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HVAC Conflict of Logic

HVAC Conflict of Logic

Hi all, I have a situation where I have a switchgear building which is located within the reach of a gas cloud. We are not able to locate the building away. The HVAC system intake damper will close in the event of 30% LEL to prevent gases from being introduced into the building. On the other hand, the building requires pressurization to be maintained which requires air intake. Hence, there is control conflict. In this case, I am hoping anyone had the same situation and was able to mitigate by engineering controls and share them. Worst case we want to avoid is to shutdown the electrical building. Thank you in advance.

RE: HVAC Conflict of Logic

Take fresh air in a different place and deliver it to the switch-gear in a duct. You already have the control sequence.

RE: HVAC Conflict of Logic

Howdy Punisher,
It is common to take the make-up air from a safe location. In the case of heavier-than-air flammable gas I have seen the intake air duct elevated 20ft above grade. I also believe, but cannot confirm, that in these locations failure of the pressurization-fan results in an immediate alarm and the eventual de-energization of the main power feed to the bldg. In these cases there are redundant pressurization-fans.
I believe that API-505 has something to say about this topic.

ps It is always preferable to locate an electrical bldg (or room) away from any classified areas.

"I have not failed. I've just found 10,000 ways that won't work." Thomas Alva Edison (1847-1931)

RE: HVAC Conflict of Logic

Since you reference LEL, are there people in the building?

If so, I don't see what the conflict is. Doesn't personnel safety trump everything? Your "Worst case" should be to avoid injury or loss of life.

TTFN (ta ta for now)
I can do absolutely anything. I'm an expert!
FAQ731-376: Forum Policies forum1529: Translation Assistance for Engineers Entire Forum list

RE: HVAC Conflict of Logic


LEL = Lower Explosive Limit. It's not a personnel-related abbreviation in this context.

I work in a facility which, in the wrong combination of circumstances, has the potential to level the whole district. Pretty much every design decision I make has the potential to affect personnel safety as well as protecting a very high capital value asset. I have similar problems to ThePunisher, and few solutions as it is a legacy site. High integrity detection of flammable material and remote tripping of the supply are the order of the day.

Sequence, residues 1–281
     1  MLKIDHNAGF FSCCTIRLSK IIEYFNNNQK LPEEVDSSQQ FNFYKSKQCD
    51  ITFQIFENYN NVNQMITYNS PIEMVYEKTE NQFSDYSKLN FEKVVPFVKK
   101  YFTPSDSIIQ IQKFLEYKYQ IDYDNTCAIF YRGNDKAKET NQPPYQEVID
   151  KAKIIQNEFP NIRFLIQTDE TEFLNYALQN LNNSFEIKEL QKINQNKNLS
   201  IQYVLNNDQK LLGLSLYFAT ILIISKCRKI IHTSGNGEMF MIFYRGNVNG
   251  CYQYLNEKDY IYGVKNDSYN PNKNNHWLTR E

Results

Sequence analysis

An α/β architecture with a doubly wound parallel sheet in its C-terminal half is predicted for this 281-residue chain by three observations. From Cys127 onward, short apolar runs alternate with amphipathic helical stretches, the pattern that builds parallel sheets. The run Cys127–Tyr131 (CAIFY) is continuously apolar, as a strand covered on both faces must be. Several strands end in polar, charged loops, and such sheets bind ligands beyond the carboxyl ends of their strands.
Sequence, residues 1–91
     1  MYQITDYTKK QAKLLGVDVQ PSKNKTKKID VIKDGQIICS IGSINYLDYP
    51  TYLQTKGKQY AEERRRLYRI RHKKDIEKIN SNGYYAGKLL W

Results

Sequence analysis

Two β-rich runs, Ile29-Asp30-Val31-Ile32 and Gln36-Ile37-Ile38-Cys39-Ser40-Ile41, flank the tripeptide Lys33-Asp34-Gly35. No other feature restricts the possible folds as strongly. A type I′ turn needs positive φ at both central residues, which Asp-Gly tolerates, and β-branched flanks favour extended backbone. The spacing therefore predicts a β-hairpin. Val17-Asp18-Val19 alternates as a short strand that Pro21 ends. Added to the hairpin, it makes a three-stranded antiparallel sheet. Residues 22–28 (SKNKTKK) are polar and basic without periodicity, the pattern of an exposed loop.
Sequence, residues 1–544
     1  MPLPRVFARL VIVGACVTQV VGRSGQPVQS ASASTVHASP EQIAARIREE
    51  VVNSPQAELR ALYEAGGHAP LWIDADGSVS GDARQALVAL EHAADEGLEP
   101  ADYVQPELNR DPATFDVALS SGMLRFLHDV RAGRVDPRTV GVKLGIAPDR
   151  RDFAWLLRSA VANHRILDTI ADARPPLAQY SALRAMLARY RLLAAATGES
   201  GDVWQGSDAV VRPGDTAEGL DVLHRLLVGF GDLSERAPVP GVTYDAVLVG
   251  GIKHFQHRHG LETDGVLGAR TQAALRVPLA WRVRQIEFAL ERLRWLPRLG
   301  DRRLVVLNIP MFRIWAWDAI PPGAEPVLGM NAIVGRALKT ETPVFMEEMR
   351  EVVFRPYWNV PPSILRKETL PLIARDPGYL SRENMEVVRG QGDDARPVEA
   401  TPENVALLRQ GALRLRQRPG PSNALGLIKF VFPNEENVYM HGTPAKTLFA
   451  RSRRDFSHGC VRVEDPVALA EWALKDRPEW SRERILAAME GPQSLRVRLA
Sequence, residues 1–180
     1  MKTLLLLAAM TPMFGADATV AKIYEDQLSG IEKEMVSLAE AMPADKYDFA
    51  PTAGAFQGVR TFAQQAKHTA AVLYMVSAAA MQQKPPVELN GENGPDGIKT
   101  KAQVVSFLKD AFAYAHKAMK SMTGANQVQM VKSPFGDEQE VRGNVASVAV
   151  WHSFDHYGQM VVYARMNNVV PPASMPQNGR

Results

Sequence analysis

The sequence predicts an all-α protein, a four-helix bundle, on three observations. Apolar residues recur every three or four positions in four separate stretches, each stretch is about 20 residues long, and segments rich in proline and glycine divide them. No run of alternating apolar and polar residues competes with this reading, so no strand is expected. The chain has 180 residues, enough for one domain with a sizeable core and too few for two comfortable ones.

RE: HVAC Conflict of Logic

Sorry, was thinking Lethal Exposure Limit. If it's the former, then possibility of explosion harming civilians would still dictate a shutdown, unless they address the intake issue.

One possibility, barring moving the intake might be to run the intake into an air scrubber, but that just postpones the problem. At some point, the desire to avoid a shutdown still gets trumped by safety.

TTFN (ta ta for now)
I can do absolutely anything. I'm an expert!
FAQ731-376: Forum Policies forum1529: Translation Assistance for Engineers Entire Forum list

RE: HVAC Conflict of Logic

Based on my understanding of your post, the positive pressure is for cleanliness which is good for equipment cleanliness and longevity. The damper closure is for an emergency situation that would prevent an explosion, which should not routinely occur. The latter should trump the former. If there is a risk of explosion, the negative pressure concern becomes negligible during that condition.

RE: HVAC Conflict of Logic

Hi IRstuff,

The scrubber option was considered. Based on your comments that "...but just postpones the problem." Do you mean this is just a temporary mitigation?

To all,

Thank you for all your comments and opinions.

RE: HVAC Conflict of Logic

There isn't a control conflict, only a conflict of desires.

You don't want to shut down the electrical supply (fair enough), but you locate the building within reach of a gas cloud - conflict
You don't want to increase costs by transporting pressurising air from a safe area - conflict

other option is maybe have a supply of compressed (clean) air available to pressurise the building for X minutes to safely ESD the plant?

If you've got a gas cloud wandering around I think that's a good enough reason to trip the plant...

Remember - More details = better answers
Also: If you get a response it's polite to respond to it.

RE: HVAC Conflict of Logic

Hey Punisher,
Where is the Site located? If NA, then API-505 (or 500) will be the recommended practice for this type of installation.

API RP 505 (R2013) - RP for Classification of Locations for Elec Install at Petro Facilities (Class I, Zone 0, and Zone 2)

"I have not failed. I've just found 10,000 ways that won't work." Thomas Alva Edison (1847-1931)

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